Hi, I'm Andrew and I’m just a simple 19 year old guy and zoology student that posts random factoids about obscure animals and general animal science/zoology/biology stuff so if you like animals this is the place for you, if you only like cute animals this is not the place for you… Also I can ID any animals you might need identified (just submit them to me).
Disclamer: none of the pictures are mine unless stated
Family Polioptilidae: A family of passerine birds commonly known as "Gnatcatchers". All gnatcatchers are native to the New World, being found in both North and South America. Gnatcatchers are close relatives of the wrens and some species are known as "Gnatwrens".
Totally! What do you think my heavily researched post about the existence of mermaids was some sort of extremely sarcastic joke?
This specific species is a species of ctenophore discovered off the coast of Tasmania in 2009, and I don’t think it has been formally described just yet. However, there are numerous ctenophore species (which are not actually jellyfish at all and predate their existence) which look similar to this one which are described like: Bolinopsis infundibuliformis or Mnemiopsis leidyi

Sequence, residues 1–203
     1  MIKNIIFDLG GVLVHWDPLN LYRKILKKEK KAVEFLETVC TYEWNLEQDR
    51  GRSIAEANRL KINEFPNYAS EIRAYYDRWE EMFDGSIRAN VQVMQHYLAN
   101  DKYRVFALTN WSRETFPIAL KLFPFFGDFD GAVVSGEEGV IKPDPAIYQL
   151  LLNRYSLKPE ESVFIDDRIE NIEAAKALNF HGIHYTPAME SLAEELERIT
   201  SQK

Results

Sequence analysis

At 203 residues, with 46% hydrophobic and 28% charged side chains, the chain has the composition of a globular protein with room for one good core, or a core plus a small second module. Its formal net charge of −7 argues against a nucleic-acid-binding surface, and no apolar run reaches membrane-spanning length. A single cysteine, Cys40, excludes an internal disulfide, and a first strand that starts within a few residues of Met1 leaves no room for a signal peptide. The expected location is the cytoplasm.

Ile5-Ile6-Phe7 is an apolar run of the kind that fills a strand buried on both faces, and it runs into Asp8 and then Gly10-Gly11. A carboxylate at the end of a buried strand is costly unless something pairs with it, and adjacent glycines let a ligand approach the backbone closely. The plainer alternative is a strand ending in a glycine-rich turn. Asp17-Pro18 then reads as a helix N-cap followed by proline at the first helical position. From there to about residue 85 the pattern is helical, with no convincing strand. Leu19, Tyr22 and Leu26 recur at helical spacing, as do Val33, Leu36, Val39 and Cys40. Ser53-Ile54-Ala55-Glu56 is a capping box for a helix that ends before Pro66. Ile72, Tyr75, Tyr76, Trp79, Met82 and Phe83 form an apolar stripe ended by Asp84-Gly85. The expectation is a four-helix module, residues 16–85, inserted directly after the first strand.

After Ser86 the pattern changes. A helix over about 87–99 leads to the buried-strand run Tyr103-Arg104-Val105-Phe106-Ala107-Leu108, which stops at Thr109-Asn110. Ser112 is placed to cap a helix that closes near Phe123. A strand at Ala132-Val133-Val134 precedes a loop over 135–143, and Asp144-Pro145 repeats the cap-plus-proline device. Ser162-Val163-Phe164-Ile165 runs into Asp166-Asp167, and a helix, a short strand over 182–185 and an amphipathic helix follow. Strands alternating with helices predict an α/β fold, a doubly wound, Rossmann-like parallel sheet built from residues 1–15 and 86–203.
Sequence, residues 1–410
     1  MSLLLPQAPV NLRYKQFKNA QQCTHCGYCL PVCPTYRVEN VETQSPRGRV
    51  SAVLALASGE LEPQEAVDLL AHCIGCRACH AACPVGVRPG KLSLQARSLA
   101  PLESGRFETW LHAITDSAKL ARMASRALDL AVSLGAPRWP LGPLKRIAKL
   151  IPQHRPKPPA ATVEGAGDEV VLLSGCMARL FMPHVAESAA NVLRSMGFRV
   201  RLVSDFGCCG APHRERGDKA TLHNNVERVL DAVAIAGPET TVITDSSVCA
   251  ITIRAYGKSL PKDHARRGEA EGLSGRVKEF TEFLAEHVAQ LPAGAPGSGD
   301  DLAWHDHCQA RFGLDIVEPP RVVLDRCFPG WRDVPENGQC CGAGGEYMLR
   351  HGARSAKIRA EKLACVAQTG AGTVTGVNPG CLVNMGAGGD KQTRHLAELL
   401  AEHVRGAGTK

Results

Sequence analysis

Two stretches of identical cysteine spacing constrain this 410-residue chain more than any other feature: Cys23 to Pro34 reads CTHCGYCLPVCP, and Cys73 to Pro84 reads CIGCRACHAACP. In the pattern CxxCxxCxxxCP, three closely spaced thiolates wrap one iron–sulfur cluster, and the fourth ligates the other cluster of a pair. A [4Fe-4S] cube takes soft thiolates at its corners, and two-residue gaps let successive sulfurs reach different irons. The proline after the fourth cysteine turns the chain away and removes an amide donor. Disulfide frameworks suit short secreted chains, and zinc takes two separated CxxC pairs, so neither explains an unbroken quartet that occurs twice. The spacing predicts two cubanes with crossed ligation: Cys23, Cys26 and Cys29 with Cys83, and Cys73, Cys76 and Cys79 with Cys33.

Hi. Well most insects will bite if adequately provoked, but significantly less will bite to feed like mosquitoes do. Some of the notable ones are other biting flies like Horse Flies, biting midges, Black Flies, and Sand Flies. Bed Bugs, Kissing Bugs, Fleas, and Lice will do this as well. Also although they are arachnids and not insects Ticks and certain Mites will do this too.
Also interestingly butterflies and moths will sometimes feed on blood as well. This is rare though and usually done when they need lack liquid nutrients, and even then they prefer other sources like sweat and wet soil. However there is one genus (Calyptra) of moths which are known to actively feed on human blood.
I’m pretty sure it was recently? discovered that poriferans were actually more closely related to cnidarians and the ctenophores are the most basal animals known.
I also am interested to see where Trichoplax research is heading as well.